MIMO and Small Cells Can Only Do So Much: More Spectrum is Needed

If you assume demand for mobile Internet access bandwidth is going to keep growing in excess of 50 percent a year, as it presently is doing (Cisco predicts bandwidth consumption in Asia will grow at 58 percent annual rates through 2019), then supply also has to be increased.

If you also assume the percentage of higher-performance smartphones will keep growing, then you also must account for much-heavier bandwidth demand. A feature phone tends to use about 22 MB a month. A smartphone tends to use 819 MB each month, while a smartphone used on a 4G network will tend to consume 2,000 MB a month, according to Cisco.

As smartphone adoption grows, so will the percentage of phone customers regularly using mobile data. That also applies to use of smartphones on 4G networks or 3G networks, compared to 2G networks. People consume more data on faster networks

It also follows that significant additional capacity will have to be supplied.


Traditionally, there are three ways to do so. Regulators can allocate more spectrum. Operators can move to smaller cells or use more-efficient antenna technologies, to reach the so-called “Shannon limit (the theoretical maximum efficiency of any communications channel.”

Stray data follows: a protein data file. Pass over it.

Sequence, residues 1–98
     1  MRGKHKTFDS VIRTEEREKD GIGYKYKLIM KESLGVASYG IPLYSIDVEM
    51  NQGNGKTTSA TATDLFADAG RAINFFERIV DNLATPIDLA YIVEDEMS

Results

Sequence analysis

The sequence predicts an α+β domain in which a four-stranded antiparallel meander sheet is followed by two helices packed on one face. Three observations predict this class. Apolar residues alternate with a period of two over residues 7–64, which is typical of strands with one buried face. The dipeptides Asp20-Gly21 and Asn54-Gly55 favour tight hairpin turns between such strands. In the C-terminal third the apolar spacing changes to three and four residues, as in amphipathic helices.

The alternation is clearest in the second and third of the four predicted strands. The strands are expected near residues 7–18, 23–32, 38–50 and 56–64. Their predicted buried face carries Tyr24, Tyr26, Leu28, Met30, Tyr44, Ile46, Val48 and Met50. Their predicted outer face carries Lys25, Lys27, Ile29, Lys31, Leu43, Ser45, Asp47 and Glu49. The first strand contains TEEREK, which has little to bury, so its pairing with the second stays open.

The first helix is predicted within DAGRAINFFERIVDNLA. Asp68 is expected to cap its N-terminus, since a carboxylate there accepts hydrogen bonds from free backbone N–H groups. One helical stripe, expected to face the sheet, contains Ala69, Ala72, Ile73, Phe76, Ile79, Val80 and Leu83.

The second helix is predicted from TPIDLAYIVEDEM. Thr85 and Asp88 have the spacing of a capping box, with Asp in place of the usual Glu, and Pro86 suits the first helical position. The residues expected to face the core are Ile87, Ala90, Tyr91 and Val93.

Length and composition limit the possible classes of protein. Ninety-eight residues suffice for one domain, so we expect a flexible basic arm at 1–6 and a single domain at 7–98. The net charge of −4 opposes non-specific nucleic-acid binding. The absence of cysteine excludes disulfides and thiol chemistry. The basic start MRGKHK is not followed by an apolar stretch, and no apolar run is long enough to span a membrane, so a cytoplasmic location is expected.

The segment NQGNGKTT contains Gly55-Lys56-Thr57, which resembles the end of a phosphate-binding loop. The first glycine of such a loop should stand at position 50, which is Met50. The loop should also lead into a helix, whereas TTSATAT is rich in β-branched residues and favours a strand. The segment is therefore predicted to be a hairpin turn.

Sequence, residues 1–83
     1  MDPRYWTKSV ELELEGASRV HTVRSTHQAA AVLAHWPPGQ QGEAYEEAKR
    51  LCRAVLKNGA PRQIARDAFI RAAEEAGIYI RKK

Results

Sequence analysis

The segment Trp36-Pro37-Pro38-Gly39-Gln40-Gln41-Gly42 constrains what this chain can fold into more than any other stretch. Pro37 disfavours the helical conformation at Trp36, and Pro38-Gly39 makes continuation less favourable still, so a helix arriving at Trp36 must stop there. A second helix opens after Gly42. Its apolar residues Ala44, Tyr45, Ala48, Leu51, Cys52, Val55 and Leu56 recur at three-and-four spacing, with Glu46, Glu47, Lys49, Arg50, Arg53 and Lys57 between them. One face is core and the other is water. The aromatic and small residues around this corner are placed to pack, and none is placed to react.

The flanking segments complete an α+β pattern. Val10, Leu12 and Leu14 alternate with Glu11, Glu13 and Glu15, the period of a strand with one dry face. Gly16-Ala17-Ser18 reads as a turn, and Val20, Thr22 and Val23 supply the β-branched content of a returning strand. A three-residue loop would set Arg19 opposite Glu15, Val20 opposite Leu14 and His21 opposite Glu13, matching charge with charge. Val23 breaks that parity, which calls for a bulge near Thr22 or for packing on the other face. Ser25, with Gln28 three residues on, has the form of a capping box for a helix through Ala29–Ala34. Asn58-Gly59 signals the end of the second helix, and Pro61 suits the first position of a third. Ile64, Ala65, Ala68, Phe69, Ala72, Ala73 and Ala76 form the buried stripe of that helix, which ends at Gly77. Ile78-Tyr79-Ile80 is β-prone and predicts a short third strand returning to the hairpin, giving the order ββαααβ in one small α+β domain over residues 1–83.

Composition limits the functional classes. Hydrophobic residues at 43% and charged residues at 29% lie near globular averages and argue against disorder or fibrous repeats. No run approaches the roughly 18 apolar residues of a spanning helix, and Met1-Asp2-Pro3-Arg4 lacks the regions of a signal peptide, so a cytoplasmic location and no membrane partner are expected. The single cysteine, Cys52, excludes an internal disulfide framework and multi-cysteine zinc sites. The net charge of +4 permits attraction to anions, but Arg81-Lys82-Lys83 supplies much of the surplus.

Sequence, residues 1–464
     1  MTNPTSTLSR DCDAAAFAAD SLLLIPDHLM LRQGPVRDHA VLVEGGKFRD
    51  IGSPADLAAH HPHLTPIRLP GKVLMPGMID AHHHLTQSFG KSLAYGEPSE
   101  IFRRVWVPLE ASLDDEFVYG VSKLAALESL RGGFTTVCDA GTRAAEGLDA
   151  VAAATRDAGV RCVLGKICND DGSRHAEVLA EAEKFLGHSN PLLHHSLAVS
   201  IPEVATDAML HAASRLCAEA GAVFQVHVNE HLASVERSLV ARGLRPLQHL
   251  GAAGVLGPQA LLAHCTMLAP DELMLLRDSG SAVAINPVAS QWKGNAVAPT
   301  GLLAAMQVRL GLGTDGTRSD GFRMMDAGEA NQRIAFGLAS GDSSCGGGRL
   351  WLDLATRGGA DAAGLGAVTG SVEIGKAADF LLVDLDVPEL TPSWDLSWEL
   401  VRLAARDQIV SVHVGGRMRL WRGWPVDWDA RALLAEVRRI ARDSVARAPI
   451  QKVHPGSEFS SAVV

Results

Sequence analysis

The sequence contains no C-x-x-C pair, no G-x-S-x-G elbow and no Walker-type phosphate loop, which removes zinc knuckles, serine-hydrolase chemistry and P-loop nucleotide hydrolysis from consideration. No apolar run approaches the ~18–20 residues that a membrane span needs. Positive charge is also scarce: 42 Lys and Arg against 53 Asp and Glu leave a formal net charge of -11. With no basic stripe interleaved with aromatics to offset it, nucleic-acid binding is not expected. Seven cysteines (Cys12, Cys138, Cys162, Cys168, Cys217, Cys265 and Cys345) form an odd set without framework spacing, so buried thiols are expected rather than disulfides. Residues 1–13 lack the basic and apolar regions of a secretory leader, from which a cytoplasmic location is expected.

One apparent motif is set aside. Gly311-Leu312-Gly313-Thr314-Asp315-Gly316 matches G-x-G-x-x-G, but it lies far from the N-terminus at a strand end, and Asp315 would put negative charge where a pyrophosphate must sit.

Use of Multiple Input Multiple Output (MIMO) antennas might jokingly be said to prove “Shannon was wrong.” He was not wrong, but the point is that after MIMO--and massive MIMO--are applied, service providers will have wrung as much as possible out of antenna technology.

That will leave new spectrum and smaller cells are the remaining technology tools to boost usable bandwidth (one can think of many ways to provide consumer incentives that reduce demand, but those are not technology tools).

Operators can control network architectures. They cannot control spectrum allocation.



Brookings
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